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McFeely: You can't fix stupid, so why try?

Somebody needs to give a heads-up when it's OK to be honest again, when the snowflakes who voted for Donald Trump can handle the truth.

Mike McFeely, Oct. 17, 2015Michael Vosburg / Forum Photo Editor
Mike McFeely, Oct. 17, 2015Michael Vosburg / Forum Photo Editor

Somebody needs to give a heads-up when it's OK to be honest again, when the snowflakes who voted for Donald Trump can handle the truth.

Because after Trump was elected president, you see, some of us pointed out that clearly-crystal clearly-a fair number of people who cast their ballot for Don the Con were perhaps lacking in the brights department. They weren't the sharpest tools in the shed. Not the brightest bulbs in the box. Not all, not a majority, not even a large minority. But a meaningful number were willfully ignorant of facts and relished in their glorious cluelessness.

When some of us tried to point that out, that those who believed Trump was going to bring back the steel industry and build a wall and drain the swamp were being played for suckers, we were told to stop. We can't do that because it's insulting to those people. It belittles them. It makes them more resentful than they already are.

Instead, we were told, we need to understand those Trump voters. We need to respect them. Listen to them. Walk a mile in their shoes to grasp how difficult it is for them to deal with this rapidly changing world.

And so we tried. We tried to be sympathetic about the struggles of those "real Americans" who felt left behind, economically and socially, in 2017. We listened to all the so-called disadvantages some white, working-class people have in the modern world. We heard how Washington, D.C., ignored them and how the media and educated "elites" looked down their noses at them.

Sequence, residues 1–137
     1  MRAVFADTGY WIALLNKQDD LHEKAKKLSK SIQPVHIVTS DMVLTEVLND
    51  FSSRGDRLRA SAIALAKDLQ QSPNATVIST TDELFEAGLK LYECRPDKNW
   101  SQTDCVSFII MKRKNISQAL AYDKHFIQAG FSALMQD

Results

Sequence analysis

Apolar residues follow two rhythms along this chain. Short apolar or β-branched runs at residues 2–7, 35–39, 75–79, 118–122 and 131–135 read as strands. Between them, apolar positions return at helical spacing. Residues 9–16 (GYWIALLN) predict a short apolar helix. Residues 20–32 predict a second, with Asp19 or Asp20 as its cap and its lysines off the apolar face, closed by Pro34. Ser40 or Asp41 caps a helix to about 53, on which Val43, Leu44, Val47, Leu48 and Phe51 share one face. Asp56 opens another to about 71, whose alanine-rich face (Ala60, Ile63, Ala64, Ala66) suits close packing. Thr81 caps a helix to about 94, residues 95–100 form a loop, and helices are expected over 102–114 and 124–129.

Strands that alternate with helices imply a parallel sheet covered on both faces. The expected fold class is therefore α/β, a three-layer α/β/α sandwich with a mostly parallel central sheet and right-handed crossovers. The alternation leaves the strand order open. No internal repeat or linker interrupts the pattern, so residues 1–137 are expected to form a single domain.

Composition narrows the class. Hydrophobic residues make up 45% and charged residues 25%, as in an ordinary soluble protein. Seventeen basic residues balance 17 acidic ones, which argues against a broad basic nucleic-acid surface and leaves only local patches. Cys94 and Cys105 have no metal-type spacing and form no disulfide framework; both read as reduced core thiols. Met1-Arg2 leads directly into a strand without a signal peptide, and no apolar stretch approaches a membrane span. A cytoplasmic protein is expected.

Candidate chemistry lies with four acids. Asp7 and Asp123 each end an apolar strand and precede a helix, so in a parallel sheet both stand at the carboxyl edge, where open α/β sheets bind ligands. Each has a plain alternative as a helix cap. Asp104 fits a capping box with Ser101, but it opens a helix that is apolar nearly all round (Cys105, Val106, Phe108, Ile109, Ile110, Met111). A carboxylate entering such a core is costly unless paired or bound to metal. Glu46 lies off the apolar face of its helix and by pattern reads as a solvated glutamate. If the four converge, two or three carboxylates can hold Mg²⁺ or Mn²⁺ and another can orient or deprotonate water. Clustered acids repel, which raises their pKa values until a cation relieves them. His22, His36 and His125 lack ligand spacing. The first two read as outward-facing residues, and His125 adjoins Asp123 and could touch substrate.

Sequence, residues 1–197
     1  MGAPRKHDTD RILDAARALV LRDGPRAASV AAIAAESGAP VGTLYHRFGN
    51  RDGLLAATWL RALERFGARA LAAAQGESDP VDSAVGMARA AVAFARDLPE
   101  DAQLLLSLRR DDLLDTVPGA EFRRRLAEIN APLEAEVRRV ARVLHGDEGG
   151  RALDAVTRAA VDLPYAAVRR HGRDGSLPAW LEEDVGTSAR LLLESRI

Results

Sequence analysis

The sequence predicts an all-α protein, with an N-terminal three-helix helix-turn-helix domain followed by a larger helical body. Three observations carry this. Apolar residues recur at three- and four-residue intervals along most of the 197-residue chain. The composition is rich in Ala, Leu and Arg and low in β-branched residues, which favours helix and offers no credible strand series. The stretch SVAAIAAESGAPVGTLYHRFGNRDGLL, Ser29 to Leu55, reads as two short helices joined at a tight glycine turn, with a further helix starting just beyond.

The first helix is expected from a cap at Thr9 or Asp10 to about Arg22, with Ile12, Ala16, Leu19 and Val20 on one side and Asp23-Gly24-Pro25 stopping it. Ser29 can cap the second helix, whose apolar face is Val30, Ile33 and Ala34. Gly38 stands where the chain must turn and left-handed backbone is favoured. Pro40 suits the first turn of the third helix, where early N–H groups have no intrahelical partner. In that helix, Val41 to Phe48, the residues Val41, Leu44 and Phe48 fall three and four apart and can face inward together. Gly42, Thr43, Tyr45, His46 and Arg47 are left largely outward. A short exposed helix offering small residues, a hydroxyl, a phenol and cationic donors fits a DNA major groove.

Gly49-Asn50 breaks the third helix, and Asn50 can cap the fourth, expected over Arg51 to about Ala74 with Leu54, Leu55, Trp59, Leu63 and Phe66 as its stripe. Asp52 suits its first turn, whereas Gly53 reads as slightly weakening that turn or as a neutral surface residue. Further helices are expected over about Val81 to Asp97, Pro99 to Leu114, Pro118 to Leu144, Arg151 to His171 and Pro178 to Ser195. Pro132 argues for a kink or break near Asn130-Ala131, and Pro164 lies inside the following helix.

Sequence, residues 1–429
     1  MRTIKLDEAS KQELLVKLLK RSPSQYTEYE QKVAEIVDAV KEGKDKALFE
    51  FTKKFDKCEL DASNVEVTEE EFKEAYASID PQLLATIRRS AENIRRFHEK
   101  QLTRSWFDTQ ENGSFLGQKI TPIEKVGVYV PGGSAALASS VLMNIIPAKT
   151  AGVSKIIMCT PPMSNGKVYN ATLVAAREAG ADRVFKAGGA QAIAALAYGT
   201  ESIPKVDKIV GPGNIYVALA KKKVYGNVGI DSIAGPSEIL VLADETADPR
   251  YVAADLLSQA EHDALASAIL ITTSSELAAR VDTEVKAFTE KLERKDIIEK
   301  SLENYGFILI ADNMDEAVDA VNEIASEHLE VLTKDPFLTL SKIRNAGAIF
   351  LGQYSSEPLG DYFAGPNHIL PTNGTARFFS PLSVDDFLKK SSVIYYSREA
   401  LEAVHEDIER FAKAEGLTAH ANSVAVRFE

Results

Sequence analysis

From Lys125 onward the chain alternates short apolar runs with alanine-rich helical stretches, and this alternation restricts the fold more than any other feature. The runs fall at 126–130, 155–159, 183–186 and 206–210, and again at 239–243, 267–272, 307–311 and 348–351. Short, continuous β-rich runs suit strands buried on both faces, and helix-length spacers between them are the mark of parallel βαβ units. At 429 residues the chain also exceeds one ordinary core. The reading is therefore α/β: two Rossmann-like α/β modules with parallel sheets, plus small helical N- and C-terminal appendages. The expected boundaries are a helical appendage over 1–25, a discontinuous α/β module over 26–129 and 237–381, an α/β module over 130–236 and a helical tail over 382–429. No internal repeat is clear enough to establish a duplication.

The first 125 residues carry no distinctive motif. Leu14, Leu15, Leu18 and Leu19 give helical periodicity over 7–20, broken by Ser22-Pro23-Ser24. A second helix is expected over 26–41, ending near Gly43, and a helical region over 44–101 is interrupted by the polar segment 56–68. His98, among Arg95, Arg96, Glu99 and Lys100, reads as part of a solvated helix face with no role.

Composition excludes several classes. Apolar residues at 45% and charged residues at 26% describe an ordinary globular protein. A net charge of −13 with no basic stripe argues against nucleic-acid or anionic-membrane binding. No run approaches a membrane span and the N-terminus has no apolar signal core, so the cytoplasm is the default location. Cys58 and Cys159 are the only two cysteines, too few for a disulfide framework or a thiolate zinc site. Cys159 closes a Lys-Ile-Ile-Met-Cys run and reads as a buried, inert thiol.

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Frankly, we didn't quite understand how their plight was any different from any other group of Americans battling to get good jobs and attain a comfortable middle-class life-blacks and other minorities, for example-but we listened. We read. We tried to understand. We bit our tongue.

And then last week happened.

National Public Radio, in its infinite excellence, used the occasion of July 4th to recite the Declaration of Independence on Twitter. In 140-character snippets, NPR tweeted out the Declaration to its more than 7 million followers.

What followed was either comical or depressing or both. Some Trump supporters, to use the words of the Huffington Post, "flipped out." Unable to grasp the tweets were the Declaration of Independence being used to celebrate America's 241st birthday, they accused NPR of pushing anti-Trump propaganda and "calling for a revolution."

"Glad you are being defunded. You have have never been balanced on your show," wrote one Trump supporter.

So we ask: Has the statute of limitations expired? Is it OK to again call a spade a spade? Or, in this case, an idiot an idiot?

These people are not worthy of being listened to. They don't deserve respect. It seems fairly obvious that, if indeed they are struggling for a good job or a decent paycheck, there's a reason why.

They are stupid. No amount of empathy or understanding is going to change that.

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There's an old saw that says, "You can't fix stupid." We'll add this: So why try? The least we can do is start being honest again. Let us know when it's OK to do that.

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